The Right to Rent Scheme and the Impact on the Private Rented Sector

The Right to Rent Scheme and the Impact on the Private Rented Sector

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The UK private rented sector has grown significantly over the past few years, increasing from 3.8 million households in 2011/12 to 4.7 million households in 2017/18 (MHCLG, 2018). At the same time, the PRS has seen increasing political focus and regulative changes (Simcock, 2018), and these changes at a policy level have not been necessarily joined-up (Whitehead & Williams, 2018). One specific policy change has been introduction of the Right to Rent checks under the Immigration Act 2014, which has essentially made landlords border agents (Crawford, Leahy & McKee, 2016). These changes have placed further duties upon landlords, especially when they now have to navigate a more complex and rapidly transforming regulatory landscape. The Right to Rent checks have the potential to lock vulnerable individuals out of the private rented sector and to cause discrimination (JCWI, 2017; Simcock, 2017).

Over the past few years, we have monitored the impact of this policy, and we have undertaken this research to further the understanding of how this policy is being implemented in the private rented sector. The responses from 2,963 landlords reveal that their behaviour is changing due to the fear of prosecution under their obligations of this policy. Yet, enforcement challenges of the scheme underline lack of effectiveness in deterring irregular migration. Our research provides a timely review of the impact of the policy on the private rented sector and we explore the wider implications of this scheme. The findings clearly show that the scheme is impacting vulnerable citizens and migrants, while hardly having any significant enforcement outcome (JCWI, 2017).


Key findings

  • The majority of landlords are aware of the Right to Rent scheme, our findings show that 92% landlords are aware of the scheme, and 86% reported they were aware of the criminal sanctions introduced by the Immigration Act 2016. However, further work is needed to ensure all landlords are aware of their responsibilities under this policy.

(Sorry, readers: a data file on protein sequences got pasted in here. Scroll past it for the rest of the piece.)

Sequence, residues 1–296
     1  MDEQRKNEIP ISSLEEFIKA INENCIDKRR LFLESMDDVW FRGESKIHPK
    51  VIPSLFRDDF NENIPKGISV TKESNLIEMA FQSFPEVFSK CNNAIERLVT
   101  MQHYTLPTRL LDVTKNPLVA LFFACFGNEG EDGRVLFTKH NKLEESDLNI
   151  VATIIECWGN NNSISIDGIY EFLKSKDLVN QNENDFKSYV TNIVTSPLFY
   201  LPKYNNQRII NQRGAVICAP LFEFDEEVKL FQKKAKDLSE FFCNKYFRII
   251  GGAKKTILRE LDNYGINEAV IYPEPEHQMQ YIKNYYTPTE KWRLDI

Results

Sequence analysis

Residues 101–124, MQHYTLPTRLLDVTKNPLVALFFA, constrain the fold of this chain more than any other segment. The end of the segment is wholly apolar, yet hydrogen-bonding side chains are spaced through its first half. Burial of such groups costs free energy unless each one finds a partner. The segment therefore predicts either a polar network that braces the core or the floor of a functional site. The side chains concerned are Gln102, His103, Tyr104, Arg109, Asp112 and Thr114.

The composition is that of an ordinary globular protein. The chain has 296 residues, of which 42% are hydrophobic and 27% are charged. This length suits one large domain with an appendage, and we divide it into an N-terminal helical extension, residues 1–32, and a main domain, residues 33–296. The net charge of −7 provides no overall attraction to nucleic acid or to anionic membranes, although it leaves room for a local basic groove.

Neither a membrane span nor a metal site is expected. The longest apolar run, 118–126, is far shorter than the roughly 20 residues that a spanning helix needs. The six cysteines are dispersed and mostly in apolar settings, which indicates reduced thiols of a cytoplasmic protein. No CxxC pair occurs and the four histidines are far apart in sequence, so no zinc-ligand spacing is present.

• 44% of landlords reported they are less likely to consider letting to individuals without a British passport. This is likely to lock vulnerable individuals out of accessing a home in the private rented sector, especially as at the last census 17% of the population of England and Wales reported they did not have a passport (ONS, 2012a).
  • Furthermore, this policy is likely to have implications for migrants that currently have the right to rent and are living in the UK. 53% of landlords are less likely to consider letting to people with limited time to remain and 20% are less likely to consider renting to EU or EEA nationals.
  • Information from the Home Office shows that Civil Penalty powers have been used significantly more than the power to prosecute criminal landlords. To date there have been no prosecutions of landlords for Right to Rent breaches. In comparison, the Home Office issued 391 Civil Penalties during 2016/17 and 2017/18, and on average having 0 Civil Penalties every month in 2017/18.
  • In 2016/17 the Home Office levied £102,00 in Civil Penalty notices, and £149,000 in 2017/18. Plausibly, an average penalty of around £600 is unlikely to deter landlords who knowingly let to irregular migrants. We believe the contribution the Civil Penalties have on creating the ‘hostile environment’ is negligible. On the other hand, the Right to Rent scheme is creating a fearful environment for landlords and tenants alike.
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Dr Tom Simcock

Until February 2019 Tom was the Senior Researcher for the RLA. His expertise lies in researching change in society, public policy and quantitative and qualitative research methodologies. Tom’s research on housing has received national media coverage, featuring on the front page of The Times, has influenced government policy making, and has been cited in debates in the House of Commons, House of Lords and by the London Mayor. Tom now works for Edge Hill University.